Otherwise, I think Bombardier also just hit a home run with the Q400 with 90 seats.

    • There may be a very few customers who will bite on a 28 inch pitch, I can see some low cost carriers in Asia deploy such a craft on short segments. But this is not a very exciting offer — BBD already had an 86 seat variant with a 29 inch pitch on offer.

      • Flew with United LAX-Hawaii, awfully uncomfortable; can’t beleive Cseries could be worse.

        • My comment was re: Scarlet lauding the Q400 turboprop going to 90 seats. That’s the aircraft that would have a knee-crunching 28″ pitch (ie: noticeably worse than your UA experience).

          If airlines actually seat the new CS300 per BBD’s plan, it should be quite comfortable. Even if they tighten the pitch somewhat the seat width should be at or above industry best.

          (I’m anticipating that IF an airline like Delta were to order, they’d go with 30-31″ pitch for coach, 34″ for Comfort+, and perhaps 36″ for First).

  3. Was time that AC order something good after that desastrous shift to the 737. Note that the E190 is with the A320s the most confortable aircraft in their fleet. The C-series should ba as good and may be more profitable (although the higher cost may eat the advantage)

    About the Q400, at what pitch cost are they achieving 90?

    • What I was saying earlier with large seating comfort of the CSeries and the Washington Post article on the consumer complaint to the space reduction of seats, it was irony in making a wink with aircraft to 90 seats ! One may think that this release is intended, among other things, to win the contract for SpiceJet its order of 50 to 100 regional aircraft …

    • Glad they decided to augment their brilliant purchase of B737s with the spectacular C-series, and move those janky A320s to the boneyard.

    • The Q400 seat pitch is unchanged at 28″. The space for the extra row of seats is found by moving the rear bulkhead and reconfiguring the right-hand door.

    • CBL: Pitch stays the same at 28 inches. Moving bulkhead and a door re-locate.

      They are also looking at retrofit.

      Along with an emphasis that you can fly the bird slower and get close to ATR economics (with vastly better high, hot and or engine out performance) there is hope BBD is turning that corner as well.

      Lot of mountainous terrain is an issue for ATR ops and not for the Q400

  4. Cheers to Bombardier and Air Canada, I expect to see AC push WestJet out of long and skinny routes where the Q400 lacks the legs and the MAX7/8 is simply too much plane, especially as oil prices rise (who knows where they will be in 2019)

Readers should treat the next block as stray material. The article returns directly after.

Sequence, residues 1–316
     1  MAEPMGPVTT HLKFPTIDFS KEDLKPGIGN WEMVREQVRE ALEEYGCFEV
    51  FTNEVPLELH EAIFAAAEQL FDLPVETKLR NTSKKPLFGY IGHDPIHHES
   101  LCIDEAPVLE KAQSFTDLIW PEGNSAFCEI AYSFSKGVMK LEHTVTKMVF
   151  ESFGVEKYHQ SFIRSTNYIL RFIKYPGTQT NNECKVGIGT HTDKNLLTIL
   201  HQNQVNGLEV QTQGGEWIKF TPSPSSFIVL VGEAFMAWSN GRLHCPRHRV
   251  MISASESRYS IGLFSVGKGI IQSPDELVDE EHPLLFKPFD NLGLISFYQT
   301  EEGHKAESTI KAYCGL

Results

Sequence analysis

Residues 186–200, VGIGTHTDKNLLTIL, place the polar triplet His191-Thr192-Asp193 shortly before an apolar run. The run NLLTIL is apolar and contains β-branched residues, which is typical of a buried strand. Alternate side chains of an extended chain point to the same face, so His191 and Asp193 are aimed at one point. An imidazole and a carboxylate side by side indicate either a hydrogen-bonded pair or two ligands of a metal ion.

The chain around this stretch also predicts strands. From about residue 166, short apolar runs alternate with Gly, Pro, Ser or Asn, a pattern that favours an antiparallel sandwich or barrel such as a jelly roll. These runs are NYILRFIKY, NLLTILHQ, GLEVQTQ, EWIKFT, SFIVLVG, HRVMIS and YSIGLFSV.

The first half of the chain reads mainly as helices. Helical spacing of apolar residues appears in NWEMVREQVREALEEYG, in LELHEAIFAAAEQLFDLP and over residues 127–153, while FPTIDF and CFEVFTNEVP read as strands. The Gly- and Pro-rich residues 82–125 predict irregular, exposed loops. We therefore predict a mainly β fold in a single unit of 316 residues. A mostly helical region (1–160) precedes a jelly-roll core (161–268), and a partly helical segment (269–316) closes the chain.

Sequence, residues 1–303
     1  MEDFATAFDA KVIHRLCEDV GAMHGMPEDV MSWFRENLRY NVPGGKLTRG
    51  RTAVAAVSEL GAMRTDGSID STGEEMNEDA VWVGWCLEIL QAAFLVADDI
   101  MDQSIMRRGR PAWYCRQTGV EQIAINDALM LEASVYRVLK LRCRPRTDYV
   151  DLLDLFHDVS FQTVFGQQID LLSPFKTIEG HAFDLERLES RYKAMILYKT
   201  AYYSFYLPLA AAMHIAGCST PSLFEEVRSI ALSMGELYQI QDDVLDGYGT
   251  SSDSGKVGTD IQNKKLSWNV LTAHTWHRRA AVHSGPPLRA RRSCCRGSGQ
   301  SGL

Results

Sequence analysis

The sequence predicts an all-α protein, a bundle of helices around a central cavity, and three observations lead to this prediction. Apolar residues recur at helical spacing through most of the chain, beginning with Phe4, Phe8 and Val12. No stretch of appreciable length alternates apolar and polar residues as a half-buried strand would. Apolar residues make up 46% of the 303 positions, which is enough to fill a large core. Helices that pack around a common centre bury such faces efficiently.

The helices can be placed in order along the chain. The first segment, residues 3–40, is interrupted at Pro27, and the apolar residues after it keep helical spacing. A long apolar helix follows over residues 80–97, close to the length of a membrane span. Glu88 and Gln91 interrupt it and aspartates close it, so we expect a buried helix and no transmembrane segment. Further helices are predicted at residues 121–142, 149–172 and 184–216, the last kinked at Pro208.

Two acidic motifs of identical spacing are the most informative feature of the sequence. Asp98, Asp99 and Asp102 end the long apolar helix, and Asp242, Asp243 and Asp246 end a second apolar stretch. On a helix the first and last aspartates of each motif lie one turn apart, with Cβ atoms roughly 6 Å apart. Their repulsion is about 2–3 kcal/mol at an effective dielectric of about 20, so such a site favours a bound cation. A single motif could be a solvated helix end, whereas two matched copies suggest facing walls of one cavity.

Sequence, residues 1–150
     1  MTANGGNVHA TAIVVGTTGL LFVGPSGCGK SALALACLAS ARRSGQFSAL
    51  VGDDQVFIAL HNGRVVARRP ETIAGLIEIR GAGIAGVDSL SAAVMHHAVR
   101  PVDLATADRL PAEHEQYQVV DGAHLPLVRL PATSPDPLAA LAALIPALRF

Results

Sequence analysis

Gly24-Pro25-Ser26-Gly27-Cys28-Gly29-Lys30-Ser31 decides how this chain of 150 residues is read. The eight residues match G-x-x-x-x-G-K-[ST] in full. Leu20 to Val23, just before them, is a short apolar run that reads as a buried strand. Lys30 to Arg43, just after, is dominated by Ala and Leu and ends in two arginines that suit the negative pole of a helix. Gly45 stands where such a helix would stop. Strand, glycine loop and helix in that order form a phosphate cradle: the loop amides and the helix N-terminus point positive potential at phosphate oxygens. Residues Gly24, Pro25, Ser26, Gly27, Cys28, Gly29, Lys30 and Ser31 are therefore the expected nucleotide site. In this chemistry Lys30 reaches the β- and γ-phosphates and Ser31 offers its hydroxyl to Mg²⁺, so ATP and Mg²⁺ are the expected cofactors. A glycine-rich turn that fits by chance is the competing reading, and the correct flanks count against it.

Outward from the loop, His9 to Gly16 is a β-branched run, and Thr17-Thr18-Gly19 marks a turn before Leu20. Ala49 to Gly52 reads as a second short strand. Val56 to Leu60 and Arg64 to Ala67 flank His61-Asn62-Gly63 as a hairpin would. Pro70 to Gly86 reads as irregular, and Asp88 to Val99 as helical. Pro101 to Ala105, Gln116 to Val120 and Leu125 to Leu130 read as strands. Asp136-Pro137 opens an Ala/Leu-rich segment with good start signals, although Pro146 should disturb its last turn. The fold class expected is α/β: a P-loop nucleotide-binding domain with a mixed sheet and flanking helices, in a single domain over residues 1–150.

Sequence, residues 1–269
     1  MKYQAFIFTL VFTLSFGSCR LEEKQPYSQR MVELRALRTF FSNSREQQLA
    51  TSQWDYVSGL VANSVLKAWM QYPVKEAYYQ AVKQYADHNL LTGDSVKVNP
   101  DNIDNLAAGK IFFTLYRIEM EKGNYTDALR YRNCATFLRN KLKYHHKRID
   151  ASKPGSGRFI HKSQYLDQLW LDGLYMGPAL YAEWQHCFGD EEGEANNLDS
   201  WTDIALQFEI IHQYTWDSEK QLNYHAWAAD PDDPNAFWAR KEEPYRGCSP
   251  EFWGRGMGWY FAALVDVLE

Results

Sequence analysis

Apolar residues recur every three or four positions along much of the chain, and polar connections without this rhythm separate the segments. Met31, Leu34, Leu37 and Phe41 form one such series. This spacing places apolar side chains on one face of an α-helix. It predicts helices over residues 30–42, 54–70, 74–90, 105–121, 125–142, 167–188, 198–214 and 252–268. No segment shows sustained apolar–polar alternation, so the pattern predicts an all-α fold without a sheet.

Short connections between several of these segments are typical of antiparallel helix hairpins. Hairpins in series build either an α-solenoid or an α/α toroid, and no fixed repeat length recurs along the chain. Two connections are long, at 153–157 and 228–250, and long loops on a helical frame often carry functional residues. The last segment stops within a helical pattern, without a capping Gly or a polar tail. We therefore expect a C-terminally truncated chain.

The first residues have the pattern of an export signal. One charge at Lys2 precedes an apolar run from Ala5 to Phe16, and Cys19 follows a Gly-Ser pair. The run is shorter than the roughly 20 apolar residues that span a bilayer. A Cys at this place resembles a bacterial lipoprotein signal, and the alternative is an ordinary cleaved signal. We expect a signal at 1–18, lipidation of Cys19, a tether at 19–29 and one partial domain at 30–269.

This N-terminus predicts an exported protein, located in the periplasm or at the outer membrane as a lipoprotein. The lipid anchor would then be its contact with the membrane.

Surprised by the lack of CS100 orders.

  5. Good, excellent airplane: 140 passengers in comfortable single class with 32″pitch. Wouldn’t you expect Bombardier to stretch to 160-170 single class, 32″pitch, 4-6 more seat rows — about same MTOGW, reduced range and / or cargo OK — by early 2020’s? A very nice “NSA” with low fuel burned and low carbon emissions per seat. Note: first class should soon disappear for the same reason as smoking — higher emissions per seat are harmful to all.

    • You just outlined the inevitable CS500, although I doubt they will add 6 rows. I bet the general design is already done and the CS500 is flying in the computer as I write this.

      • The CS500 is a still-born, pipe dream that will never see the light of day. Ever.

        This is a much needed commitment for the C-Series, but it’s hardly going to touch the sides of the hole that BBD has dug itself. Wake me when they have another 20 orders like this one.

  6. In fact, it worries me a little is the number of engineers who will be laid off . What happens there with the CSeries development projects? Does this mean that a CS500 is already developed ?

  7. About DAMN TIME!!

    YAY for Bombardier! Finally some good news for the awesome C-Series! Can’t wait to see it!

    This is awesome news!

  8. First great deal for BBD. Porter has also not cancelled their orders as they think they can deploy it on other routes though tougher for them with their hub in Toronto.

    And of some interest in the next new aircraft form AV Week.

    Work by NASA, Boeing (Lockheed as well I think) show that they can get a 40%+ fuel improvement in the single aisle/small twin aisle with proven tech and GTF. Not strut braced wing. That’s another kettle of fish (not proven tech but interesting)

    It does indicate that Boeing could get a serious fuel jump for the MOM aircraft. Keeping in mind efficiency improvements also mean less weight to haul in conceptual 5000 miles range (realist more 4200)

    The biggest jump is close to 50% with a large wide body BW design, but Boeing does not see a civilian application for it due to the supposed issues. Military cargo and tanker right now.